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WI v England - Series Preview
15 May 2007
By: Liam Camps

Balance is the key to any recollection of West Indies and England rivalry. For years the West Indies thrashed their English counterparts thoroughly on both home soil and away. But since 2000 the pendulum of dominance has swung entirely the way of England. The West Indies won the first Test of that series by a convincing margin and they looked a revitalized power. Some hearty blows by Dominic Cork sapped all of that confidence, and the Caribbean team has only once since come close to beating a major team away from home. Not since that first Test win at Edgbaston have the West Indies won a Test overseas against anyone other than Zimbabwe or Bangladesh.

The great history between these teams means that any series can be hyped as a keen contest, regardless of the state of the individual sides. Here we meet two teams deflated by a lack of success in recent times, and thoroughly outclassed and proven inferior at a spectacle of a World Cup tournament. Indeed, the last competitive match played by either side was at the World Cup, and a meaningless fixture at that. Both teams reached the second round of the tournament with chances and hopes of pressing into the final four. But wasted opportunities and dismal performances in pressure situations structured definite failure of such a mission. That last game was also the curtain call of Brian Lara, and provided more thrills and spectacle than any other game in the tournament. It was, in fact, a measure of excitement that the final three games should have matched and surpassed in a less imperfect tournament.

Now England face injury concerns surrounding their captain Michael Vaughan, while the West Indies arrived in England with a rookie captain, Ramnaresh Sarwan. It is the start of a new era of competition between these two sides. One not involving greatness, in the form of Brian Lara. Yet there are other names in the mix as potential greats of the future, and certainly some of the best players of the contemporary game. Kevin Pietersen is undoubtedly the best batsman on either side, now that Lara is gone, and is the main difference between the two batting lineups. That said, and this is hurriedly added, a top order of Andrew Strauss, Alastair Cook and Ian Bell has been proven vastly superior to that of Gayle, Ganga and Sarwan. But it may be the less hyped players who will play the biggest role in this series.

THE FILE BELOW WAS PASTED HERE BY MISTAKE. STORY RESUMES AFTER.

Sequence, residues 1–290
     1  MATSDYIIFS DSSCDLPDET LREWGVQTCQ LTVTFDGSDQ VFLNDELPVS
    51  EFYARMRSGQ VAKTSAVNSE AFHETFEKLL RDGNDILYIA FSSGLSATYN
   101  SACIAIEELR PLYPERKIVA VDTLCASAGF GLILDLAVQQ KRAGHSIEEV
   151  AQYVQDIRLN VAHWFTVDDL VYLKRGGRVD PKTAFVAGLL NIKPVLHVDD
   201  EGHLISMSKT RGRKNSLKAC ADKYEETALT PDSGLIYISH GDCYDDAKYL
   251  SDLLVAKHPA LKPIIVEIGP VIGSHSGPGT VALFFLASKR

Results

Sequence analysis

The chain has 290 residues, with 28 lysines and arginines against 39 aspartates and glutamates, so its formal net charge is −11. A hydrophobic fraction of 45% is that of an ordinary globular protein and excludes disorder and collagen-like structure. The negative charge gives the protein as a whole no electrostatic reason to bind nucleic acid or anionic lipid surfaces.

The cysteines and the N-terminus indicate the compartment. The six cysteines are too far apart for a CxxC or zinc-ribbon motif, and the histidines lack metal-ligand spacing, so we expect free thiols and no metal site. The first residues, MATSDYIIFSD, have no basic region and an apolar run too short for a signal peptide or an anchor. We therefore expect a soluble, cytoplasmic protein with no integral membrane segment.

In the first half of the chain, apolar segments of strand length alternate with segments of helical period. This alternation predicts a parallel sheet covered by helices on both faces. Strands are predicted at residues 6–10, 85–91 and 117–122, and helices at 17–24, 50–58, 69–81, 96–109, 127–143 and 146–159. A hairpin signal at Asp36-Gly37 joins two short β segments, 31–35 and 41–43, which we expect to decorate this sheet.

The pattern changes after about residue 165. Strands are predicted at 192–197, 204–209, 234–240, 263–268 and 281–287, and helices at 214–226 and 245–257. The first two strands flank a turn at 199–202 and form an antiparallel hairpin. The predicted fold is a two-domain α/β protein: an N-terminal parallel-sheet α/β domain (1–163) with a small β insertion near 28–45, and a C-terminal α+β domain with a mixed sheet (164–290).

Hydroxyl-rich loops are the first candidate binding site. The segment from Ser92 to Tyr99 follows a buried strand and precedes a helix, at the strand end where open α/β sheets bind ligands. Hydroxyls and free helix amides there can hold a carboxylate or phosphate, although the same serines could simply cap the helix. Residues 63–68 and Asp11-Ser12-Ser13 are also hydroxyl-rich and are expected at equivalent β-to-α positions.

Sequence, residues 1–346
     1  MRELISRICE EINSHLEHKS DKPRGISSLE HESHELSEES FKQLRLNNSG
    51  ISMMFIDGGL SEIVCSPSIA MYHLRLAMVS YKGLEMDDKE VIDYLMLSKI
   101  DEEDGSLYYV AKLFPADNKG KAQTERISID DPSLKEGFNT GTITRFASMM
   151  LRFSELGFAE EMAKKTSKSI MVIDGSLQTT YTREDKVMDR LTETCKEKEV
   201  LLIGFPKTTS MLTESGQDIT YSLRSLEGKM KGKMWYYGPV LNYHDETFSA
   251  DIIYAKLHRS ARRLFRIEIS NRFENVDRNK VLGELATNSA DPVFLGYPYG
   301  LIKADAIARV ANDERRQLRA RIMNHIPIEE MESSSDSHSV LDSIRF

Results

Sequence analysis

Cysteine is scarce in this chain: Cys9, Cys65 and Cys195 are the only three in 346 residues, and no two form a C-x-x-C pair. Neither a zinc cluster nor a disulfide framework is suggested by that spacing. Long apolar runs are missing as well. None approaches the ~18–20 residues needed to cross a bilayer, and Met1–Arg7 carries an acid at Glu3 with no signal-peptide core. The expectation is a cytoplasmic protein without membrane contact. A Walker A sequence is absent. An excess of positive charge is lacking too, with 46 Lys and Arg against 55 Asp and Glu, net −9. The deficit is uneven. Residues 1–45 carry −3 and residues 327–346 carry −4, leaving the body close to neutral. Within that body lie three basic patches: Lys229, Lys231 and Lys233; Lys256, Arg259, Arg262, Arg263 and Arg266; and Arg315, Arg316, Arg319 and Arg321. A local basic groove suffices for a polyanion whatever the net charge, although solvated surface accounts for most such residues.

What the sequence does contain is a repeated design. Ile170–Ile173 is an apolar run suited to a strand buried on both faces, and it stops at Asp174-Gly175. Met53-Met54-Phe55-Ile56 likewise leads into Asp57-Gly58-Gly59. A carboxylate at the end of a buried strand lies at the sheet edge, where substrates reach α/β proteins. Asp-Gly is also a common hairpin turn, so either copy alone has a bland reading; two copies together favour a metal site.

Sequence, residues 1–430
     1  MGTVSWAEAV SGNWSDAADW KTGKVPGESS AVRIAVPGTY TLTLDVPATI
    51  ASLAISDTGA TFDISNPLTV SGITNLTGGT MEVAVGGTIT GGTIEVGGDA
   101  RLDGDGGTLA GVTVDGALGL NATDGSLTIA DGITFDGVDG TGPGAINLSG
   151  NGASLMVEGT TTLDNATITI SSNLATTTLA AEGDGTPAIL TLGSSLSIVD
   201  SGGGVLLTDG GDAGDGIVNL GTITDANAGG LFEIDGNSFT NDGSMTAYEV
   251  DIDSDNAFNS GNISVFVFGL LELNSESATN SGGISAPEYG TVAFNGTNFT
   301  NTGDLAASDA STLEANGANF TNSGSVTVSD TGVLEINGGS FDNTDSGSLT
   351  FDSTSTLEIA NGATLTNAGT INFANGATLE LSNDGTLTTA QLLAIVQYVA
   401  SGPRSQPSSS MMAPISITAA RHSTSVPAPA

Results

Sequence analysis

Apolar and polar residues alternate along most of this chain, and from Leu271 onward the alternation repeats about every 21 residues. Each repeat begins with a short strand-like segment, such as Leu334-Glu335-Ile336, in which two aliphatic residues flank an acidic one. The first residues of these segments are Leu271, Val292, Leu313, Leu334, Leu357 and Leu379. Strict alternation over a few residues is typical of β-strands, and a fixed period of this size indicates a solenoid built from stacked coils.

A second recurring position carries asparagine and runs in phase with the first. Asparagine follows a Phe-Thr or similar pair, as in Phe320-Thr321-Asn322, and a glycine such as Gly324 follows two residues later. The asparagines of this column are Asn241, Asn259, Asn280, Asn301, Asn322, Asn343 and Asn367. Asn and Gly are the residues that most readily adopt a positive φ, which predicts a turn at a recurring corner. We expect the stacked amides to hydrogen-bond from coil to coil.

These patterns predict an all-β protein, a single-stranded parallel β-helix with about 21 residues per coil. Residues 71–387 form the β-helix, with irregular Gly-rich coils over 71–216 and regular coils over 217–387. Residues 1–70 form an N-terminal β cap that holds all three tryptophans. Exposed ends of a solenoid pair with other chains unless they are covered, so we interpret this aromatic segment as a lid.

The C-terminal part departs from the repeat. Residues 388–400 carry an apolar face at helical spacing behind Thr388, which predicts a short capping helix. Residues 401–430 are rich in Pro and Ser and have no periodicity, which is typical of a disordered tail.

The last time the West Indies toured England, a young allrounder named Dwayne Bravo made his Test debut. In that series he stated intent with bat and ball and has since continued to show such promise and enthusiasm as the future of West Indies cricket. In the field he is a livewire, with the ball he is thoughtful and constantly experimenting, and with the bat he possesses flair and confidence. Similarly England find their inspiration in the measure of Monty Panesar. Long gone are the days of the holding spin of Ashley Giles. Panesar presents an aggressive alternative to England's pace battery.

Ironically though, it was Giles who bowled positively to spin England to a sweep of the West Indies the last time they toured, in 2004. On the evidence of that career-high performance, Panesar's impact threatens to be immense. Whether or not he is taking wickets, the left-arm spinner always gives everything to a cause and can never be faulted for lack of heart. There will undoubtedly be some intriguing battles between these two players. The spirit of either side is epitomized by these individuals and a fair supply of success could hinge on their performance.

Aside from the glitz and glamour of stardom, other more mundane names such as Collingwood, Plunkett, Anderson, Morton, Joseph could too take centre stage. Paul Collingwood, clearly the most established of that bunch and for all his success of recent months, still needs to anchor himself in the England lineup. The looming understanding is that a fit Vaughan, despite his lack of meaningful first-class cricket and runs at all of late, would usurp Collingwood in the first eleven. Perhaps he will forever be the 12th man of a full-strength Team England, but Collingwood can only continue to give his best. And on the evidence thus far, Collingwood's best is outstanding in the field and, courageously, with the bat. For Morton, Joseph, Plunkett and Anderson, whatever opportunity they get to show their worth must be taken, as none are considered close to strong first team consideration at this stage in their careers.